On May 15, 2013 PFSweb (NASDAQ:PFSW) announced that it had entered into a strategic relationship with Tokyo-based transcosmos, inc. (or TCI) and that TCI had concurrently bought 19.99% of the company for $14.7 million. TCI paid $4.57 per share to buy its stake, a 7.5% premium over the May 14th closing price of $4.25 per share.
At the time, PFSweb was coping with the loss of customers that resulted from the company's failure to adequately prepare for the flash sales and heavy volume that took place during the 2011 holiday season and one large customer, Carter's Inc. (NYSE:CRI), deciding to bring its eCommerce business in-house. As a shareholder of PFSweb, I wasn't particularly thrilled about the equity dilution or the concept of strategic relationships. Having witnessed the negotiation and subsequent lack of follow-through of several such agreements, I had minimal expectations of any significant benefit to PFSweb.
The market seemed to feel the same way. By the beginning of July -six weeks later - the shares were trading at about $4 and an investor could have opened a position at a discount of more than 12% from the price paid by TCI.
Who are PFSweb and TCI?
For those unfamiliar with PFSweb, it is:
...a provider of eCommerce and multichannel outsourcing solutions for global consumer brands, online retailers, and technology manufacturers... [providing] a broad range of services, including eCommerce technology, order management, customer care services, financial services, global logistics, and fulfillment services.
PFSweb's presence is largely in North America and Europe. Its customers include Procter & Gamble (NYSE:PG), L'Oreal (OTCPK:LRLCF), LEGO, Columbia Sportswear, Sorel, Carter's, AAFES, Riverbed (NASDAQ:RVBD), Ricoh (OTC:RICOF), Hawker Beechcraft Corp, Roots Canada Ltd., Diageo (NYSE:DEO), BCBGMAXAZRIA, BCBGENERATION and HERVÉ LÉGER BY MAX AZRIA and the US Mint.
PFSweb's revenue is comprised of certain product sales and fees from consulting and e-Commerce services. The mixture of two very different businesses makes it somewhat difficult to analyze the financials. To assist investors, the company provides a non-GAAP measurement called Service Fee Equivalent Revenue. The measurement is defined as service fee revenue plus the gross profit earned on product revenue. Its purpose, according to the company, is to allow:
...client contracts with similar operational support models but different financial models to be combined as if all contracts were being operated on a service fee revenue basis.
Fortunately, the company has only one customer remaining where the model is still based on product sales and is attempting to transition that customer to the fee based model. This will clear up some of the issues with current GAAP reporting and make the financial statements less complex. (However, investors should keep in mind that Service Fee Equivalent financial statements will be necessary for a few more years due to the way companies present historical comparisons in the 10Qs and 10Ks.)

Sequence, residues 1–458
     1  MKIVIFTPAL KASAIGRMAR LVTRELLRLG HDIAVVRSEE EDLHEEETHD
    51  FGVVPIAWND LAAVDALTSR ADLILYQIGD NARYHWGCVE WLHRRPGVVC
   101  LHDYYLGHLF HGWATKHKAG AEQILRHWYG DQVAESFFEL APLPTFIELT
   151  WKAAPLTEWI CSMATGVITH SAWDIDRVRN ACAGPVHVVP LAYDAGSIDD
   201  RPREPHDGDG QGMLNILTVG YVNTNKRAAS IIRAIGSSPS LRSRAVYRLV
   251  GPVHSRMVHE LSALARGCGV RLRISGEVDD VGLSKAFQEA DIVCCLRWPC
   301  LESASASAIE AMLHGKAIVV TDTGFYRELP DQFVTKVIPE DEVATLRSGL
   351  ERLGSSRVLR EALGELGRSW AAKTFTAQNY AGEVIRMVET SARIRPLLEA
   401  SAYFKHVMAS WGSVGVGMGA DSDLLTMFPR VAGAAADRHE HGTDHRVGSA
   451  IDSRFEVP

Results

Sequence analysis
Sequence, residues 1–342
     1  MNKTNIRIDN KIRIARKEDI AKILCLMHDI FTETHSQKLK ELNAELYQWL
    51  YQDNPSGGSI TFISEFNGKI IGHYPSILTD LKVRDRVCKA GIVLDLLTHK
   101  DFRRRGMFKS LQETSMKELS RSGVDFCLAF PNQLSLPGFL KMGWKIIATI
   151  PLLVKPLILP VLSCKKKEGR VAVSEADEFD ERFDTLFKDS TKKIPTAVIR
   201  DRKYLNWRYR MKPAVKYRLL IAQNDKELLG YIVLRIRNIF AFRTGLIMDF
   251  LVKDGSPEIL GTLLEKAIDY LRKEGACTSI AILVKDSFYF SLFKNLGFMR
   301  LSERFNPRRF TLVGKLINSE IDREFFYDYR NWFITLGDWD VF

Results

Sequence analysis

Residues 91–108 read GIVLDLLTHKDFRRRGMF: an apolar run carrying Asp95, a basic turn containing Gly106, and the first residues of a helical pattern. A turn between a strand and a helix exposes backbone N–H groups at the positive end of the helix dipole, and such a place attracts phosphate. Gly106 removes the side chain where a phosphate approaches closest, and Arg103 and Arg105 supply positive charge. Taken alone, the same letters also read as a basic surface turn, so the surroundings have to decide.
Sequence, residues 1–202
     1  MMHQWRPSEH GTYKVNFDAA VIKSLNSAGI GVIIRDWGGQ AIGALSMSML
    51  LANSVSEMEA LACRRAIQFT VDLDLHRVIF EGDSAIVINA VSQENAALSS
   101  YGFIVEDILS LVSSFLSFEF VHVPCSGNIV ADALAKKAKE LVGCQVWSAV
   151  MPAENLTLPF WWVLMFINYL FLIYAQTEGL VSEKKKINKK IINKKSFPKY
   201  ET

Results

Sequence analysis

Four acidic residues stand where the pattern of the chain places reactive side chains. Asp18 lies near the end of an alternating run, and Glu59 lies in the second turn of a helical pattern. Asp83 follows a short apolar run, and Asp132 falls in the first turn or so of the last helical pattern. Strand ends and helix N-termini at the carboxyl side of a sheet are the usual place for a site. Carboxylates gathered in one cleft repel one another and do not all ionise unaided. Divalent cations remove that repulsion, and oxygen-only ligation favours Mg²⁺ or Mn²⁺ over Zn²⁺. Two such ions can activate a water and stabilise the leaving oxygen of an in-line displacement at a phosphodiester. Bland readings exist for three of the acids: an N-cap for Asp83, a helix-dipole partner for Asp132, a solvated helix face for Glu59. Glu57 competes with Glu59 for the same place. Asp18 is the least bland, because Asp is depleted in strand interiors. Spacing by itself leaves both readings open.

a leading outsourcing provider of call center, business process and digital marketing services based in Tokyo, Japan with operations primarily in Japan, South Korea and China.
Some of the services provided by TCI are similar to those provided by PFSweb, although their geographic coverages are highly complementary and clients do not overlap.
The Past Year
During the past 13 months the shares of PFSweb have more than doubled, reaching a peak of $10.43 in March of this year. While part of that move can be attributed to expectations from its TCI relationship, the company also began to demonstrate improvements in its basic business. (The basic business improvements will be covered in a future article). I had been quite concerned that it would take a relatively long time for the TCI strategic relationship to bear fruit. However, I became cautiously optimistic when CEO Mike Willoughby disclosed some details about the efforts put forth by TCI on last year's second quarter conference call:
In July , our executive team traveled to China and Japan to make a series of well-attended presentations with the transcosmos' team, to their executives on how to expand their eCommerce presence in United States, Canada and in Western Europe from their base in Asia. transcosmos team put on a full-court press to promote the seminars, issuing advertisements in national newspapers. The level of effort transcosmos put into making our trip a success is indicative of their commitment to making this relationships succeed. transcosmos has made it clear, both in words and actions, that it believes in PFSweb's value proposition, and that it will allow -- allocate the necessary resources to help us grow our business. We're already beginning to see new business opportunity arising from this strategic relationship.
One part of PFSweb's strategy with TCI is to provide PFSweb services to TCI's clients looking to gain access to North American and European markets. (PFSweb has already launched a site for one small Japanese company in the US earlier this year.) The second part of its strategy is to use transcosmos' experience, resources and expertise to provide access to Asian markets for PFSweb's current clients. Willoughby also broadly discussed the magnitude of that opportunity.
The McKinsey Global Institute estimates online sales in China could reach $650 billion by 2020, compared to the $120 billion in 2011. Part of what will drive that growth is access to broadband. Only 30% of Chinese households currently have high-speed Internet. Growth in broadband adoption and the accompanying expansion of eCommerce in China will benefit both U.S. clients looking to expand into China, as well as Chinese brands that want to reach a wider audience in the country.